April 2, 2019: The Low Impact Hydropower Institute has received a complete application for Low Impact Certification of the West Delaware Tunnel Hydroelectric Project. LIHI is seeking public comment on this application. Specifically, we are interested in knowing whether you think the Project meets the LIHI Low Impact Certification Criteria, as revised in the 2nd Edition Handbook. Please review the program and criteria in LIHI’s revised Handbook and then review the Project’s application materials below.
Comments that are directly tied to specific LIHI criteria (flows, water quality, fish passage, etc.) will be most helpful, but all comments will be considered. Comments may be submitted to the Institute by e-mail at email@example.com with “West Delaware Tunnel Project Comments” in the subject line, or by mail addressed to the Low Impact Hydropower Institute, 329 Massachusetts Avenue, Suite 6, Lexington, MA 02420. Comments must be received on or before 5 pm Eastern time on June 1, 2019 to be considered. All comments will be posted to the web site and the applicant will have an opportunity to respond. Any response will also be posted.
The West Delaware Tunnel Hydro Station is located in Sullivan County, New York, on land owned by the New York City Department of Environmental Protection (NYCDEP) as part of their West Delaware Aqueduct, which supplies drinking water to New York City. The Project is located in the aqueduct between the Cannonsville Reservoir and the Rondout Reservoir and is owned by Erie Boulevard Hydropower, LLC (Brookfield Renewable Energy Group).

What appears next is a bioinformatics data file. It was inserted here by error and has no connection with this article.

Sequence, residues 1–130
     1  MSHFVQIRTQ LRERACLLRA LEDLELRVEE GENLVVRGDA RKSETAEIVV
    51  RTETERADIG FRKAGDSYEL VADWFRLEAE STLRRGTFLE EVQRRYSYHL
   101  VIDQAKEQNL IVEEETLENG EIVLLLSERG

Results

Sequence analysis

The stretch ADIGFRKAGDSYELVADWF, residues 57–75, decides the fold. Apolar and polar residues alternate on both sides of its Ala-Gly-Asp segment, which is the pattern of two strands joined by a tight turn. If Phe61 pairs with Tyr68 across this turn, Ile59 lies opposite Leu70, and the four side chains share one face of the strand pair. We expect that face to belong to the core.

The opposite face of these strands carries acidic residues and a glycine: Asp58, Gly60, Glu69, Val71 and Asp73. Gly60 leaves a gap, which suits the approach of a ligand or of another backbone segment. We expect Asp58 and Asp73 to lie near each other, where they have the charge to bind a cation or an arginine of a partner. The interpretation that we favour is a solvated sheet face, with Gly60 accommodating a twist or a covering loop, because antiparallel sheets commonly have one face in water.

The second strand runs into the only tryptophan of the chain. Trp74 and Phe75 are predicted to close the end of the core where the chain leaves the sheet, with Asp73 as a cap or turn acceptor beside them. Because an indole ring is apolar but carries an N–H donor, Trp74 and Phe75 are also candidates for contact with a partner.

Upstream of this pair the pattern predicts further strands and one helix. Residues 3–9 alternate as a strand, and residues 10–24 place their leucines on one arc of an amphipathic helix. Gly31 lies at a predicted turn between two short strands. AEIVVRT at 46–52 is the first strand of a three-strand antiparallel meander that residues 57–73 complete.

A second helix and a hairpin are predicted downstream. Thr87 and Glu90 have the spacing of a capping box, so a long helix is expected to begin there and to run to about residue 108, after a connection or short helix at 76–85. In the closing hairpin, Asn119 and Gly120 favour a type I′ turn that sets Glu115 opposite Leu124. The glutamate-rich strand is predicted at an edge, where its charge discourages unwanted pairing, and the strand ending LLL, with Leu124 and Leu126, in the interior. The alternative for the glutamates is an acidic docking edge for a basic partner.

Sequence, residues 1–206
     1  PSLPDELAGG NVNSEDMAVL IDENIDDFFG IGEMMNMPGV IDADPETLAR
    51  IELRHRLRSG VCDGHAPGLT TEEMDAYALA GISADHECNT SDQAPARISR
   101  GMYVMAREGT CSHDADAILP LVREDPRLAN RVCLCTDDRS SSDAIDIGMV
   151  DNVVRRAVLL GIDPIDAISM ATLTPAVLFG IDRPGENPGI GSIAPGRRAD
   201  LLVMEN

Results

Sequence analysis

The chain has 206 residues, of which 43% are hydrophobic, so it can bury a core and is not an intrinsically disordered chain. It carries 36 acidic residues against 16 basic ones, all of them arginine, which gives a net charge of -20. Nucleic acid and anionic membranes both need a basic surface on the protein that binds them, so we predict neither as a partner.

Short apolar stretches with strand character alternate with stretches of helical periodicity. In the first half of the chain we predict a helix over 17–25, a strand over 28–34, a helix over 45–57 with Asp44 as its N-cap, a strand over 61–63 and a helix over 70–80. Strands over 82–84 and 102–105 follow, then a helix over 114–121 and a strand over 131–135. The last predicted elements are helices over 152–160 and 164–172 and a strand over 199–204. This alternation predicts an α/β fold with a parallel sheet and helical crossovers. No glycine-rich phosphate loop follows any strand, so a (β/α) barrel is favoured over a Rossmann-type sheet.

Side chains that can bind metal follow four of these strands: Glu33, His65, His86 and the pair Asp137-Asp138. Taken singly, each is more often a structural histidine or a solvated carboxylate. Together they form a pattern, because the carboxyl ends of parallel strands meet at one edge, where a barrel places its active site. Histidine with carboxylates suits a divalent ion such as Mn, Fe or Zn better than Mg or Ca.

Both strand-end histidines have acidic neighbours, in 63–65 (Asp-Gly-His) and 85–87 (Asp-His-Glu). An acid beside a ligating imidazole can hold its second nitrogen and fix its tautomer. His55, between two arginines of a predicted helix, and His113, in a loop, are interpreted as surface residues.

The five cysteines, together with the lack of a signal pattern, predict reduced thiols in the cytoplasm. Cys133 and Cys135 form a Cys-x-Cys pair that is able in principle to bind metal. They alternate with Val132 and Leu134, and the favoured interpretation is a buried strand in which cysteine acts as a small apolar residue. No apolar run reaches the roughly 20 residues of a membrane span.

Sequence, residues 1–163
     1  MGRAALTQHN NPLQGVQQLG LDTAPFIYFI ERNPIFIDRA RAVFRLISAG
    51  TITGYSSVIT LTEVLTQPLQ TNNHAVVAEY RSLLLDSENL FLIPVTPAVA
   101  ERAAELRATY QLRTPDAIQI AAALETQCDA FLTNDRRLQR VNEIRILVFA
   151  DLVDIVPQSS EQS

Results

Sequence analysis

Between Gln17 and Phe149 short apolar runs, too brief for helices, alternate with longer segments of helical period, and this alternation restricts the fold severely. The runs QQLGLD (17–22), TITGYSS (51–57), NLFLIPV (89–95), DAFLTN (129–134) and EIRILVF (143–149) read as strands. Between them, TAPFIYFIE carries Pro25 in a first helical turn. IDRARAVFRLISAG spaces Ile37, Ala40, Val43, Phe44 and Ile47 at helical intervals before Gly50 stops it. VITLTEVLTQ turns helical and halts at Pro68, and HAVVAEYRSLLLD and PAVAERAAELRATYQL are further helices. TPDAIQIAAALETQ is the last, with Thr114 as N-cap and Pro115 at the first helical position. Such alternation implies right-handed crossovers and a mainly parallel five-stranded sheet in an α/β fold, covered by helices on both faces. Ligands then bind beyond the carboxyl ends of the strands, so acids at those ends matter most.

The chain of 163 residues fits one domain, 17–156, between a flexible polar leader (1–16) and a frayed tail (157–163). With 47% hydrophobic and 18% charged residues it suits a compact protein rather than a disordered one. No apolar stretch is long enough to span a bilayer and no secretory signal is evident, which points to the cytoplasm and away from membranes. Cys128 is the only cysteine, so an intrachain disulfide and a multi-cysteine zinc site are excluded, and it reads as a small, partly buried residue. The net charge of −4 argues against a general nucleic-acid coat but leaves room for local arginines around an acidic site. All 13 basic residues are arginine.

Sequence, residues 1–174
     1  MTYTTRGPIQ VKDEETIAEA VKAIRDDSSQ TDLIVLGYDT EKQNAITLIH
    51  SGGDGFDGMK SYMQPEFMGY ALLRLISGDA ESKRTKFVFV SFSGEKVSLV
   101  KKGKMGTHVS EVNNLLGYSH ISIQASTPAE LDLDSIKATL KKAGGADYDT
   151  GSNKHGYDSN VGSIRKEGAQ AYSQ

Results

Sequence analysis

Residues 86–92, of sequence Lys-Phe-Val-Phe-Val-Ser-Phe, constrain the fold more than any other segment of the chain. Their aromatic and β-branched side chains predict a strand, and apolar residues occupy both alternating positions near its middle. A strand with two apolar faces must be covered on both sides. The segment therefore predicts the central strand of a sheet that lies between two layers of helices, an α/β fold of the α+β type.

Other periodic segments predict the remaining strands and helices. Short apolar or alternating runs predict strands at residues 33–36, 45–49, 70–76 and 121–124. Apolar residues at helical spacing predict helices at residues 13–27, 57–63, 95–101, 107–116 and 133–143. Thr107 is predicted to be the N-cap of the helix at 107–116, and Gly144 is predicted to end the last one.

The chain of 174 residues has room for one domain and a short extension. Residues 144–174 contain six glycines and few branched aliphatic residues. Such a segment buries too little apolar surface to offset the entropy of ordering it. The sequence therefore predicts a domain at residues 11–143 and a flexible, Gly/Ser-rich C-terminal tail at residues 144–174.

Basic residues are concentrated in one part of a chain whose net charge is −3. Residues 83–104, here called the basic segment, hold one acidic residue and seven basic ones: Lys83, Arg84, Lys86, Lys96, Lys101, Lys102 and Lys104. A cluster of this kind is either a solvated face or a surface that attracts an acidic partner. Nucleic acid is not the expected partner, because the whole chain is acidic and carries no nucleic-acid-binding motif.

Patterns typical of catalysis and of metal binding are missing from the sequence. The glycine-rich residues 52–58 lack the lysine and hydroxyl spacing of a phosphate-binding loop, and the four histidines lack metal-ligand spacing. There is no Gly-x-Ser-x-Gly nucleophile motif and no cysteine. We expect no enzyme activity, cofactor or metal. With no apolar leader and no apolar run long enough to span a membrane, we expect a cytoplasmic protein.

The Project was constructed in 1987 and is exempt from FERC licensing as a qualifying conduit project.
Erie has an easement for the use of the property, which includes the powerhouse and a 60-foot section of penstock. The station is located within a fenced property with an area of approximately 4,000 square yards. The powerhouse contains vertical Francis turbine with a nameplate capacity of 7.5 MW.
On a weekly basis, the NYCDEP sends Erie a weekly water allotment based upon NY City’s water supply needs. NYCDEP’s system determines the weekly water allotment based upon a number of factors including reservoir levels, inflow forecasts, climatology, and water quality. If there is a given allotment from the NYCDEP, Brookfield will then determine the flow rate and timing schedule to deliver the requested allotment over the period specified. Typically, Brookfield will run its turbine at best efficiency to maximize power for a peaking schedule.
|Project Name||West Delaware Tunnel|
|Owner||Brookfield Renewable Energy Group|
|Location||West Delaware Aqueduct|
|Installed Capacity||7.5 MW|
|Average Annual Generation||26,400 MWh|